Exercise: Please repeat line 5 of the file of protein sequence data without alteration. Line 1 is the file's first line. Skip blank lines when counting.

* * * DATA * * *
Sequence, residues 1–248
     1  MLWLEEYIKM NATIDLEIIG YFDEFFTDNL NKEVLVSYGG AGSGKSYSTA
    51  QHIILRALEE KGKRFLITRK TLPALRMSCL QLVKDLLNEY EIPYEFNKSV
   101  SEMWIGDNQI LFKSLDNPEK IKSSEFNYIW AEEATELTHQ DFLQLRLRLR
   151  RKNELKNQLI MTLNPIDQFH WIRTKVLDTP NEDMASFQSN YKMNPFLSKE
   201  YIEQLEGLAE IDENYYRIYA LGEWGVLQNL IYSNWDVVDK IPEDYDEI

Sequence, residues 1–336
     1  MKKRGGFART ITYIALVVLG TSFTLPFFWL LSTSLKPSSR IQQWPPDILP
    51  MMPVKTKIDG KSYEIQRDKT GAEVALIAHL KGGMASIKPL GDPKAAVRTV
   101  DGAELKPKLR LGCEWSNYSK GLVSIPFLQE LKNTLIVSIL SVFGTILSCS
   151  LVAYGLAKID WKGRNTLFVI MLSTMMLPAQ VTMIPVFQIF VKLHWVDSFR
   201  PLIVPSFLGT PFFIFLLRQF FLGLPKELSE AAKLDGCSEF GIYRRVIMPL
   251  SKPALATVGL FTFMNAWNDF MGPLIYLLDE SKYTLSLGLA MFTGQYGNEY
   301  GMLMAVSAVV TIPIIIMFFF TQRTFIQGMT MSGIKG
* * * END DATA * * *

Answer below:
   151  RKNELKNQLI MTLNPIDQFH WIRTKVLDTP NEDMASFQSN YKMNPFLSKE